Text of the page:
Children need freedom to venture out on their own

Before she retired, my mother-in-law was an elementary school principal. Recently, a former colleague of hers became the principal at a failing charter school, which she promptly overhauled. Student performance quickly began to improve — from academics to a reduction in behavior problems.

But not everyone liked the changes. A parent called the principal to complain on behalf of her child. Parents routinely complain to principals — but in this case, the parent’s daughter is a teacher at the school.

The young teacher later explained, “When I told my parents how stressful things were, they said they’d take care of it.”

A story in last Sunday’s New York Times described a Dutch rite of passage in which small groups of children are dropped off in forests on summer evenings. Without the help of adults, they must find their way back to a base camp, usually arriving by 2 or 3 a.m.

The adventure allows children to problem-solve without adult help. And while precautionary measures are taken to ensure safety, it is also meant to be challenging.

I learned the term “free-range parenting” in 2014 when two siblings, ages 6 and 10, were allowed to walk home alone from a park in Silver Spring, Maryland. Police picked up the children and held them for five hours. Their parents were charged with child neglect, though the charges were later dropped.

13-year-old Hugo exploring caves with his brothers in 2010.

Last year, Utah passed a free-range parenting law making it legal for children to play unsupervised in parks or walk home alone. I would welcome such laws nationally. The lack of independence, such as my generation experienced as children in the 1970s, directly correlates to young adults who believe it is OK for their parents to intercede with their employers.

To be clear, adults should always intervene when a child is truly in danger or hurt. And no child or adult should ever enter a body of water alone. But the definition of true danger does not include playing at a park or walking home without adult supervision.

Studies show that no matter how intelligent a child is, those who are better supported are more often successful than those who are not. The genius child who is poor will have inferior educational and other resources compared to the rich kid with average intelligence.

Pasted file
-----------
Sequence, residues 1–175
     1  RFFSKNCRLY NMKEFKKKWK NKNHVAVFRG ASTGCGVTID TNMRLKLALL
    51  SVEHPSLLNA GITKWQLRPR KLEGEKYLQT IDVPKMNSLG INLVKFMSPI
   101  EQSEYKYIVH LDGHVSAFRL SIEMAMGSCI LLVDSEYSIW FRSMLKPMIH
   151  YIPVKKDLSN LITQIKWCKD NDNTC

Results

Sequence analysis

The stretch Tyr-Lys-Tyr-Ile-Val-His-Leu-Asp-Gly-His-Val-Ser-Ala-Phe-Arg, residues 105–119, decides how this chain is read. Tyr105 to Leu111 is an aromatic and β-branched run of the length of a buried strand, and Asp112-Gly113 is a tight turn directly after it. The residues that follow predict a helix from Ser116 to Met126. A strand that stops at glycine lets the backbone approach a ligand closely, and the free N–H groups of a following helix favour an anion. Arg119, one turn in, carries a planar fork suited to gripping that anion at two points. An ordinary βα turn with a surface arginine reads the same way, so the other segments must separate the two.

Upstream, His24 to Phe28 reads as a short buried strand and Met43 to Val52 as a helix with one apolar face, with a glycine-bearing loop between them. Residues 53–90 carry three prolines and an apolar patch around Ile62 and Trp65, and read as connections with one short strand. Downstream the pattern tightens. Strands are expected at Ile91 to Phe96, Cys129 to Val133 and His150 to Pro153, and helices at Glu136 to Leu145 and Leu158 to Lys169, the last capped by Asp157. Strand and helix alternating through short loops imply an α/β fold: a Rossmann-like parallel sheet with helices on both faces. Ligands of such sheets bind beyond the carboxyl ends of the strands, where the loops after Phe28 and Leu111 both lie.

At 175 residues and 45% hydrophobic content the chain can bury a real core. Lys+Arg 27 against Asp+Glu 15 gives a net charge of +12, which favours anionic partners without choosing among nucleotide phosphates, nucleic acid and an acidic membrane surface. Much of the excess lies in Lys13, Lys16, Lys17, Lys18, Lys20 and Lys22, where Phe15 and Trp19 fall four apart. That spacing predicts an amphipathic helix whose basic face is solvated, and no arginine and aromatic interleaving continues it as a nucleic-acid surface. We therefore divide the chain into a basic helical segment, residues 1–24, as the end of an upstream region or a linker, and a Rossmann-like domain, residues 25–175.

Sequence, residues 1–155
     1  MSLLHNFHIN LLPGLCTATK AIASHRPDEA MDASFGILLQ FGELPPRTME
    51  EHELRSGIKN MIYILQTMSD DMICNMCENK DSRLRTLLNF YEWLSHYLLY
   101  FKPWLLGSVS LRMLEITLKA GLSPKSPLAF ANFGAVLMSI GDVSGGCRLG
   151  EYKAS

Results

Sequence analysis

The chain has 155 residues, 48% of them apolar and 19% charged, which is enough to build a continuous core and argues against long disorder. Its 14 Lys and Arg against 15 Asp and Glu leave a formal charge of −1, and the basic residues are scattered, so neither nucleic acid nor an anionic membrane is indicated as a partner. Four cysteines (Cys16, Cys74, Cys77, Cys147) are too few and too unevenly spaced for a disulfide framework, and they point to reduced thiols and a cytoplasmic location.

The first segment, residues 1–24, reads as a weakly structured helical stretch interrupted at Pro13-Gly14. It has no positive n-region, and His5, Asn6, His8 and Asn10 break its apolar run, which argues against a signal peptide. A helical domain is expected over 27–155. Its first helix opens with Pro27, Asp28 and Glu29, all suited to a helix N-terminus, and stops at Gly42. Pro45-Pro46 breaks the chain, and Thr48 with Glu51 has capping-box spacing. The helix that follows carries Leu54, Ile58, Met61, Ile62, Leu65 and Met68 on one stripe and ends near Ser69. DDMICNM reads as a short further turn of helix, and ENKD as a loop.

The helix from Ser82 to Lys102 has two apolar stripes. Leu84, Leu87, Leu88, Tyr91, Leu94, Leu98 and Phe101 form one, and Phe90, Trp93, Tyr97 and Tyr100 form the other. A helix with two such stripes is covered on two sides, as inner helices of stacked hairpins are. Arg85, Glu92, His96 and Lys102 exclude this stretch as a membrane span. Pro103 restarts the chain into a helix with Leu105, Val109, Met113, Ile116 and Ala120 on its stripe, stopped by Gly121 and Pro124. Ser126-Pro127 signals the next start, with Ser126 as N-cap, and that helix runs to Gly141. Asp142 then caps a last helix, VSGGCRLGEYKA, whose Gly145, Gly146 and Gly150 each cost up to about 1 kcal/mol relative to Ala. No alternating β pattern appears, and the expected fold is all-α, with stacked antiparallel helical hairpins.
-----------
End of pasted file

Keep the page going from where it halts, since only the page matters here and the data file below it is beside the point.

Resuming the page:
But studies also show that kids who never have to overcome challenges on their own face higher rates of dissatisfaction with life, including increased rates of depression. How can children learn true independence if never given the opportunity to navigate difficult situations on their own?

In “Last Child in the Woods,” author Richard Louv coined the phrase “nature-deficit disorder,” which he ascribes to the lack of free play outdoors. Louv points out that today’s news cycles mask the fact that significantly fewer crimes against children occur today than in the 1970s. For if a crime against a child happens in one state, often it is reported nationwide on channels like CNN and Fox News, creating the false appearance of local danger.

When my big boys were young, our home was on the near west side of Akron, several blocks east of Highland Square. Together and alone, beginning at age 7 or 8, Claude, Hugo and Jules rode their bikes downtown. There, they’d visit the public library, the comic book store at Quaker Square, the art museum and any place that piqued their interest.

Over the many years they did this, nobody ever questioned why they were not with an adult. It turns out suburbanites are more likely to call police about unattended children than urbanites.

One December, I met a friend for lunch in Fairlawn. Eleven-year-old Jules asked if I’d drop him at Seiberling Nature Realm on my way. Scooping bird seed from his coat pockets, he spent half an hour on snowy paths, coaxing birds to land on his outstretched hands. Then he went into the park’s building to look at the exhibits.

A volunteer approached him and would not leave his side. In a room behind the animal displays, Jules saw a ranger and another volunteer looking at him while whispering furtively. The ranger walked over and began peppering Jules with questions before allowing him to call me on the park’s phone (I allow cellphones at age 13).

When I arrived at the Nature Realm, which had no other visitors, the ranger told me Jules could not be there without an adult. Among other things, I reminded her that it is a public place. I could have left him at a busy shopping mall and nobody would have cornered him the way she had.

The moment we stepped outside, Jules burst into tears. The ranger had terrified a boy who had just wanted to spend time in nature at a public park.

Most parents start with newborns whose intelligence is purely instinctual (feed and hold me), whom they ideally guide down the long path toward becoming competent adults. To independently navigate life, kids must experience the thrill of overcoming what once seemed daunting, either alone or with other children. Be it the first solo visit to the library, flying unaccompanied or, yes, getting dropped off in the middle of the woods at night. These experiences are essential in building confidence and the ability to succeed as an adult.